Small Rodents List

  • beavers
  • blesmols
  • chinchillas
  • coypu
  • capybara
  • chipmunks
  • gerbils
  • genuine pigs
  • hamster
  • mice
  • rats
  • squirrels
  • woodchuck

Rodents are mammals, (i.e. they suckle their young) and have upper and lower pairs of continuously developing, rootless incisor teeth.

The gnawing teeth that rodents have are their particular trait. It is perhaps because of this, that animals having incisors that are constantly gnawing are called rodents.

Rodents make up over half of the 4,660 species that make up the class Mammalia, making them the largest group of mammals. They have a rapid rate of reproduction. As such, the distribution of rodents across the continents is extensive.

They live in warm environments and frequently search for shelter in warm locations. Consequently, they are present almost everywhere, including in households, where they sometimes cause serious harm to property.

Burrowing Rodent List

  • chipmunks
  • coypu
  • gophers
  • groundhogs
  • ground squirrels
  • mice
  • prairie dogs
  • rats
  • voles

Burrowing rodents frequently have physical modifications on their bodies that facilitate burrowing. Usually, these are pointed digging claws, as in the case of the European mole. However, while this is true, it is not always so.

Should you ever find that some kind of rodent has been burrowing in your yard or garden, the first place to start is by eliminating potential rodent suspects based on your area.

For example, cross out prairie dogs off your list if you are east of the Mississippi. Secondly, keep an eye out for specific telltale indicators around the rodent’s burrow entrance.

FAQs

Why are capybaras rodents?

Capybaras are part of the Caviidae family, which includes guinea pigs, chinchillas, and agouti, a wild forest pig.

Rodents are an incredibly diverse group of animals that have adapted to almost every environment on Earth. They’re found in deserts, mountains, and forests, as well as in the water!

Out of all the rodent types, the Capybara is the largest rodent in the world, reaching a weight of 30 pounds. It is considered to be the rodent equivalent to the hippo, in comparison to rabbits and squirrels.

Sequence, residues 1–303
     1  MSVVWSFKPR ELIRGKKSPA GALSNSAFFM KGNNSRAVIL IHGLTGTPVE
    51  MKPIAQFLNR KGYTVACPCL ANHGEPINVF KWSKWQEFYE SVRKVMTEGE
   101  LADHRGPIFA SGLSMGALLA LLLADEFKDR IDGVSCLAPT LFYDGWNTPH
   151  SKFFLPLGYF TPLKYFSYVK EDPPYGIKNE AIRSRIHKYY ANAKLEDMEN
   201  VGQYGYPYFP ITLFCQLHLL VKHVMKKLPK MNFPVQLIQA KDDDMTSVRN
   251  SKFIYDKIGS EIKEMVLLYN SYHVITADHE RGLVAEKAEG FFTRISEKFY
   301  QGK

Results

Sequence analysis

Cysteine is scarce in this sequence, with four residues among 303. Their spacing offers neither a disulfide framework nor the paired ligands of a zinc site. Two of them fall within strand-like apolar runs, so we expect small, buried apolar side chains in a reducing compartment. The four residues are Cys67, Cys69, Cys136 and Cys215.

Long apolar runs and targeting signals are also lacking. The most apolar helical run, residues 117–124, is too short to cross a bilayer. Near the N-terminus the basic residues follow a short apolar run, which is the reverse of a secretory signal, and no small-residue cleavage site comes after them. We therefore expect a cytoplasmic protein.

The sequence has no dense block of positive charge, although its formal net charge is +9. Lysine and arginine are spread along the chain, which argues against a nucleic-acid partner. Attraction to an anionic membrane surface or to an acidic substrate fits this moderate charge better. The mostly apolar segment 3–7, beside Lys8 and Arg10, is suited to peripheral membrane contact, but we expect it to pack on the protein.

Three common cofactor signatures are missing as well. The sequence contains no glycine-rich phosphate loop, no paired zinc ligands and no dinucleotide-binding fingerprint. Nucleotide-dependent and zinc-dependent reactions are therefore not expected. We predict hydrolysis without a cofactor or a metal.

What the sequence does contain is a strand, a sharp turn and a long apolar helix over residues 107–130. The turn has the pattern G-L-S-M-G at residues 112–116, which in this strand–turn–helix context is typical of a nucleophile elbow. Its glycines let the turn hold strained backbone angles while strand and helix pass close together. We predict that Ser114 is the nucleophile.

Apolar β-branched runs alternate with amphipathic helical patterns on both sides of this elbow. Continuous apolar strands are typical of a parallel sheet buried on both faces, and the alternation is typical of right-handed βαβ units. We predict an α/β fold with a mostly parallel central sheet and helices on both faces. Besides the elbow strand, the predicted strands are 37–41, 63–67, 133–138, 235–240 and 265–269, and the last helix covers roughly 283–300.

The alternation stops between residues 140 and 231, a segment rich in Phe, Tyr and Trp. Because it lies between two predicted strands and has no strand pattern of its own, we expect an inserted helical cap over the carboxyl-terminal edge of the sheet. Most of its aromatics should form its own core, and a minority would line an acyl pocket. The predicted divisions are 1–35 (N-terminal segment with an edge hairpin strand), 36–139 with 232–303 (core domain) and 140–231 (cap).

What rodents can live together?

Some rodent species can live together, but it’s always best to check with a vet before mixing any animals.

Rats, for example, don’t tend to get along well with other rodents like hamsters and guinea pigs. They also don’t get along with mice, 

Chinchillas and guinea pigs can live together if they’re introduced at an early age so that each animal knows who’s boss.

However, it’s important to know that chinchillas are social animals who like to spend time with other chinchillas; this means that if you get a pair of chinchillas, you won’t be able to introduce them to other animals later on.

What rodents burrow underground?

Many rodents burrow underground, but the most common ones in North America are ground squirrels, prairie dogs, and chipmunks. Some rodents may also tunnel under buildings or other structures.

Ground squirrels live in burrows that they dig themselves, while prairie dogs live in communal burrows built by several animals working together.

Chipmunks build their nests in trees or bushes but also use abandoned ground squirrel burrows for shelter.

The most common types of rodents that burrow underground are rats and mice, including the Norway rat (a subspecies of the brown rat). 

Can rodents climb walls?

Rodents can climb, but not all of them. Rats and mice are very good climbers and can climb up walls, trees, and other objects.

Squirrels are also good climbers, although they have been known to fall off buildings when they become disoriented. Moles can dig their tunnels under the ground, but they do not climb as other rodents do.

Can you sell a house with rodents?

The answer to this question is yes. You can sell a house with rodents, but it may not be easy to find buyers for it.

Rodents aren’t just unsightly; they can spread disease and contaminate food supplies. They also leave behind droppings that can cause allergies and asthma.

The best way to get rid of rodents is by hiring an exterminator who specializes in rodent removal.

If you’re selling a home that has been infested with mice or rats, all remaining evidence must be removed before potential buyers view it.

Will composting attract rodents?

Rodents, like rats and mice, are attracted to compost piles because they provide an easy source of food. They love the decaying matter in a compost pile and will happily eat through it in search of food.

Composting can help reduce the number of rodents in your yard, but it’s important to take some precautions to keep them out of your compost bin.

What rodents can be kept as pets?

Some rodents can be kept as pets. These include the guinea pig, hamster, gerbil, rat, and mouse. However, the best rodent to keep is the hamster because it will live longer than other types of rodents.

The only problem with keeping a pet rat or mouse is that they are nocturnal and will be awake all night.

This could disturb your sleep if you are trying to sleep at night. Guinea pigs are also nocturnal but they cannot be kept in groups like other rodents because they fight each other when they get older.